Focus article by Tom Brown
LONDON (ICIS)--OPEC has revised up its 2017 global oil supply estimates for every quarter of the year, despite its own production cutbacks, as a result of growing US production, the Austria-headquartered cartel said on Thursday.
The group revised up estimated global non-OPEC oil supply growth for 2017 by 370,000 bbl/day to 950,000 bbl/day, driven by US output growth, to average 58.3m bbl/day for the year.
OPEC output of natural gas liquids (NGLs) and non-conventional oil production forecasts for the year were revised by up 40,000 bbl/day to 170,000 bbl/day. OPEC crude production dropped around 18,000 bbl/day in April on the back of production cuts, according to secondary sources.
Global oil demand was also revised 65,000 bbl/day higher for 2016 based on fresh data, to average 95.12m bbl/day, while 2017 demand , at 96.38m bbl/day, was left unchanged despite the projected uptick in supply .
Non-OPEC supply decreased across most markets in 2016 as lower oil prices led oil majors to slash exploration and production budgets, with US onshore rig count nearly halving year on year.
Reduced investment caused US oil output to fall during the year, but this trend has reversed in 2017 on the back of firming prices. The resurgence of the US shale gas sector has weighed on the slight oil price recovery seen since OPEC brokered a series of production cut agreements in December 2016 running through the first half of this year.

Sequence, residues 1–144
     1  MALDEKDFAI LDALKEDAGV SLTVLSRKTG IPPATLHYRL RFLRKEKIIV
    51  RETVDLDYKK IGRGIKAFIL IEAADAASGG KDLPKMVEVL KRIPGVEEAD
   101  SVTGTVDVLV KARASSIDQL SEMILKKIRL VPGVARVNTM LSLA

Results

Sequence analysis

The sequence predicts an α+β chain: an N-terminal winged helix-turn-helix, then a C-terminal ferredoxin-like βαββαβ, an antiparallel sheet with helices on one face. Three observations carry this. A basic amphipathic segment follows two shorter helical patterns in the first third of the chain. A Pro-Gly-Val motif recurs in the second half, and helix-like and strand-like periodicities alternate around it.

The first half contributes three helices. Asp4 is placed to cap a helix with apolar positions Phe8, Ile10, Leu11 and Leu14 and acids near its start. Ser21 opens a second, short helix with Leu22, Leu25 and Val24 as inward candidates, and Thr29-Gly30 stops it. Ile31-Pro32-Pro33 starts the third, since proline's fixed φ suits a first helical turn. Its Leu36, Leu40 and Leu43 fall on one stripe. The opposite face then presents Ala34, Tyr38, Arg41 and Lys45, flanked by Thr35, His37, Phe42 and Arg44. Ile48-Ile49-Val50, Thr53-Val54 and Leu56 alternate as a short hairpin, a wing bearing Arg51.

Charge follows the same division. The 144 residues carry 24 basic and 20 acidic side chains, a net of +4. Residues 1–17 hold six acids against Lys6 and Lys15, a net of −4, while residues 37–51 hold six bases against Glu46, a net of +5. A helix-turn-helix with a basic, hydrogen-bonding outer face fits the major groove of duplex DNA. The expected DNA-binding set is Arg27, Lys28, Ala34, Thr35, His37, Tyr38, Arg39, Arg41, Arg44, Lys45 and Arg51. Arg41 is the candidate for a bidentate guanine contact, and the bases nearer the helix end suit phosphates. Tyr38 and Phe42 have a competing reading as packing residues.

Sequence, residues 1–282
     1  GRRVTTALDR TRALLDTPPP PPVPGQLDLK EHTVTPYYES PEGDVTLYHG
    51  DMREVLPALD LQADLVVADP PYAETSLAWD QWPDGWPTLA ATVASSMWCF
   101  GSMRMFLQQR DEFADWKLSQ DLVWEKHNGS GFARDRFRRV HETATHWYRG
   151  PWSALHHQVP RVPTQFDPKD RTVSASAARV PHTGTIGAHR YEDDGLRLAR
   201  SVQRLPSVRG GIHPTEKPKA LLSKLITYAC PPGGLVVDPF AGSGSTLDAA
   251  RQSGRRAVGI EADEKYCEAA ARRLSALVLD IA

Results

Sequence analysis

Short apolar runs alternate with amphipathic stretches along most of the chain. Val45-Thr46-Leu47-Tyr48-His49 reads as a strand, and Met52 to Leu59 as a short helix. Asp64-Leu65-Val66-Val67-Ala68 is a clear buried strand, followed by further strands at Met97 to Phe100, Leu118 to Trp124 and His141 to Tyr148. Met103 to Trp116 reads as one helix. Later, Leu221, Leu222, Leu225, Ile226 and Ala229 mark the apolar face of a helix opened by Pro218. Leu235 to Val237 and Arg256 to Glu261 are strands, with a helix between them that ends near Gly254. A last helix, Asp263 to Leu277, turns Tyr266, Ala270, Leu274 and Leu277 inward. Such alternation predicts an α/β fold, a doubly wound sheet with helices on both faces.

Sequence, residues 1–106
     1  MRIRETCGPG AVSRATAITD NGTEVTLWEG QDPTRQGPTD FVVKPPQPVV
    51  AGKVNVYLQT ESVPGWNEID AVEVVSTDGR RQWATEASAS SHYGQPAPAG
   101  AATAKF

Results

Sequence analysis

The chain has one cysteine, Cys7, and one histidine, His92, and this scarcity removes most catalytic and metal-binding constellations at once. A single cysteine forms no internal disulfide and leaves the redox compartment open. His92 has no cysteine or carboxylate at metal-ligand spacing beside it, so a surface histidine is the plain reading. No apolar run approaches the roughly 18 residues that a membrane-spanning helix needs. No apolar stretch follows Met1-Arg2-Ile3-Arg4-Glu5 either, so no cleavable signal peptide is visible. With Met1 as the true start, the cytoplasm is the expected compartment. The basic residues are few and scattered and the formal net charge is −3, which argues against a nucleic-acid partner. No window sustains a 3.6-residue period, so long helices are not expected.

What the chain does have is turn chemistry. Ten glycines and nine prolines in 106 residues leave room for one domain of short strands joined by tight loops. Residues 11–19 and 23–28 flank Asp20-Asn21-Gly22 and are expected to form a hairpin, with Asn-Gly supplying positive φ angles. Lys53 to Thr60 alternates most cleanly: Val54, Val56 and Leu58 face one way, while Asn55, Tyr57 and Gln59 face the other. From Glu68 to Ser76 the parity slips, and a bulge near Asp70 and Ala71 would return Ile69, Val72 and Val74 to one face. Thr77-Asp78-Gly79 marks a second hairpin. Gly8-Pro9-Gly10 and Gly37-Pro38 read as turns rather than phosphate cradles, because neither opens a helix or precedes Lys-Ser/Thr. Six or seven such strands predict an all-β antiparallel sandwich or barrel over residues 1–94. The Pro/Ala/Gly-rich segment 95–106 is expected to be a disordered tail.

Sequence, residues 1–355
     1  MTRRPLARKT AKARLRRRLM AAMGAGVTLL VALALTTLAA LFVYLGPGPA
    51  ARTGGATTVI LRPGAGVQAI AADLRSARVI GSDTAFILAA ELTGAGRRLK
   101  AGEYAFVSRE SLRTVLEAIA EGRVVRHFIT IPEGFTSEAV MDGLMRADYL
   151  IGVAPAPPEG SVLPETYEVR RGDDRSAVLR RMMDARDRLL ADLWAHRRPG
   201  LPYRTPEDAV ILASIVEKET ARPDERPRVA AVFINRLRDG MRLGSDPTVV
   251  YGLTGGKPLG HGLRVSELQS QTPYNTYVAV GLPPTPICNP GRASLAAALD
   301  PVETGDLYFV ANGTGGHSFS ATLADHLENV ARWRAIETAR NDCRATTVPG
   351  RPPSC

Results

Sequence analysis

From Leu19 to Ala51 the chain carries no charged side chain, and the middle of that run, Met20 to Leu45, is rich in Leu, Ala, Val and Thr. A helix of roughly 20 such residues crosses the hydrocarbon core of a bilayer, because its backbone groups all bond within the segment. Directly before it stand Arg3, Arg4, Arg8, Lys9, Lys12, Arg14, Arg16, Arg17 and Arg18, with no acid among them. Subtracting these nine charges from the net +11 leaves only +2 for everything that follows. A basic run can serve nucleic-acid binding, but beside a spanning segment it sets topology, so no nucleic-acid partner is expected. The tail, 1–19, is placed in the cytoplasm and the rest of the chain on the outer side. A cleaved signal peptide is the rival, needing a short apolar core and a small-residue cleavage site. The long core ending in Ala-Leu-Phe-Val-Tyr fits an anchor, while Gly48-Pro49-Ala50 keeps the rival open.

Oil prices rose above the $50/bbl level after the production cuts were agreed, holding at that level through most of 2017 so far, before Brent crude prices sank down to around $47/bbl, due in part to speculation over whether the increasing prominence of US shale output was eroding OPEC’s capacity to direct global pricing.
A protracted drop-off in crude pricing soured investor confidence that an accelerated rebalancing of the oil markets is possible, OPEC said, leading hedge funds to dump nearly 20% of positions in Brent and WTI-linked futures contracts in late April.
Hedge fund positions dropped by 137m bbl to 614m bbl in the week to 25 April, one of the largest weekly falls on record. The ratio of bullish long positions to bearish bets has fallen from a peal of 10:1 in February to 4:1, OPEC added.
“Fund managers are now much less bullish about the outlook for crude oil prices than they were back at the beginning of the year,” OPEC said.
Crude futures prices have rallied this week, with Brent climbing to $51/bbl on Thursday, due in part to an unexpected drop in US stockpiles. However, questions still remain over the extent that an extension of OPEC’s production cut agreement past June this year can move prices upward, and of the impact to pricing if member countries fail to broker an accord.
Demand for OPEC crude in 2016 stood at 31.8m bbl/day, 2m bbl/day up from the previous year, while demand in 2017 is projected to be 31.9m bbl/day, according to the cartel.
The group’s global economic growth forecast was left unchanged at 3.3 for 2017.
INTERACTIVE: Global 2017 oil supply revised up by OPEC on US production rally
Focus article by Tom Brown